fivehundred magazine > The Big Issue: Leadership > How to empower and encourage your employees

How to empower and encourage your employees

Ted Blum, managing shareholder of Greenberg Traurig’s Atlanta office and chair of the firm’s Atlanta Corporate Practice, outlines five ways to foster a culture of empowerment within your organisation

Most companies recognise that employee empowerment is a critical component of an organisation’s long-term success. Giving employees a certain degree of autonomy often leads to new ideas and innovation and, simply put, trying out new things is always a worthwhile experiment. Yet, developing a culture that supports empowerment is often easier said than done. This is especially true in the legal industry which can be slow to embrace change and quick to instil fear for making mistakes.

As modern law is increasingly being tested and applied to a rapidly changing world, empowerment and innovation have become vital to meeting the needs of clients and sustaining firm growth. At Greenberg Traurig (‘GT’), we’ve come to realise that it makes good business sense to prioritise creativity and outside-the-box thinking, now more than ever.

Here are five ways we’ve worked to spark development within our organisation.

1. Define your strategy

A defined strategy is at the core of every successful business initiative, and empowerment is no different. What works for certain companies won’t work for others. By outlining a strategy unique to our industry and unique to our business, we’ve found success.

In the legal world, adapting to the needs of each and every client is critically important. As such, our firm recognises the value of catering to our clients on an individual basis. Giving our employees the autonomy to prioritise our clients’ individual needs allows our team to focus on results and efficiency, rather than billable hours. We offer alternative fee arrangements (AFAs), we’ve developed a technology platform to streamline communication, and our attorneys work tirelessly to learn the ins and outs of each individual client they represent so we can better serve their industry-specific legal needs. The result has been improved communication across the board, along with a higher level of client satisfaction.

2. Lead by example

For any new process or procedure to have a lasting impact, management should model the required behaviour in order to signal a shift to the rest of the organisation. By aligning individual efforts with our company’s overall business goals, we’ve created a trickle-down and trickle-up effect. Supporting and encouraging company-wide empowerment gives employees a greater sense of control in the work that they do.

We encourage shareholders to seek strategic input from associates and business staff, and we stress that every individual’s daily efforts contribute to the overall success of the organisation. Employees who feel that the firm supports and values their expertise have the confidence to be innovative and share their ideas.

3. Encourage creativity on the individual level

We’ve worked hard to establish a sense of freedom by encouraging employees to think beyond their defined roles. We motivate employees to go beyond their jobs to realise their full potential.

Most law firm associates view their position as a stepping stone. At GT, we invest in our associate development programme by emphasising business development and civic leadership. Our firm organises networking events, arranges mentoring relationships, hosts continuing legal education (CLE) seminars throughout the year, and encourages staff to give back to the community through volunteer efforts. By empowering younger attorneys, the associate role offers unlimited possibilities for growth and success. We’ve found that associates who feel self-assured are more willing to assume leadership roles within the firm.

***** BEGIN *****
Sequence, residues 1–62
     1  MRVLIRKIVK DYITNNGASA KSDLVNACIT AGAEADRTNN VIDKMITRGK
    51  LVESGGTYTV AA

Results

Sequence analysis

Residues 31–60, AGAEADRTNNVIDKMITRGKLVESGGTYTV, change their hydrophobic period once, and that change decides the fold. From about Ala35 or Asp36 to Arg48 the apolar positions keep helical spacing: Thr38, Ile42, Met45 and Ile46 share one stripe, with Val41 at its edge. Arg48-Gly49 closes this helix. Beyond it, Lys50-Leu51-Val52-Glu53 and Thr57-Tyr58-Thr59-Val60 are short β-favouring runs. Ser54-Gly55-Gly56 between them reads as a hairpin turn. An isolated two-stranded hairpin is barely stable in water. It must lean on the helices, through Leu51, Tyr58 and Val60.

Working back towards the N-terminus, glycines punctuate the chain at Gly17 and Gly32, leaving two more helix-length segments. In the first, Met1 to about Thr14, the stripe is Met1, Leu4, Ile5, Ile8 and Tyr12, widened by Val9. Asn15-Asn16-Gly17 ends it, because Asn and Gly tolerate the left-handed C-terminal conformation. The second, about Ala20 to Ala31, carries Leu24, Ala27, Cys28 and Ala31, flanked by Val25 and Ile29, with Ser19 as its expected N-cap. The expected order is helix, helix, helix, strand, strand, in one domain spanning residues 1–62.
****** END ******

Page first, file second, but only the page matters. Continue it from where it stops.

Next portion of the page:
4. Accept failure as part of the learning process

The connotation around the word ‘failure’ is extremely negative and we’ve worked hard to reframe that narrative. Our firm stresses that failure is inevitable, so it’s important to learn from it. We don’t even think in terms of failure, but rather in terms of excellence; always striving to get better and learning throughout the process.

We reassure employees that ideas that don’t work are still viewed as positive, proactive efforts to keep the company moving forward. This approach has led to a more positive work environment that allows associates and business staff to take risks and think outside-the-box without the fear of failure.

5. Recognise employees for a job well done

Encouraging innovative thinking can mean listening to any idea that moves a company forward to maintain its relevance and increase its market share. It can be as significant as a revolutionary invention or as simple as a morale-boosting activity that engages and inspires employees.

We work hard to recognise employees who go ‘above and beyond’ during quarterly staff meetings. By shining a light on their hard work and creative ideas – big and small – it not only rewards the individual, but also serves as a source of motivation for their co-workers.

Our experience has taught us that the corporate culture should be one that encourages idea generation and creative thinking from every employee. Statistically, the more ideas that are brought to the table, the greater the chances that one of those ideas will be a breakout.

The strategy here is quite simple. A culture of empowerment begins with the individual and is reinforced company-wide. When new experiments don’t work, applaud the effort. When they do, celebrate. A true firm-wide commitment to empowerment will create a better work environment for employees, their leaders, and the entire organisation. n

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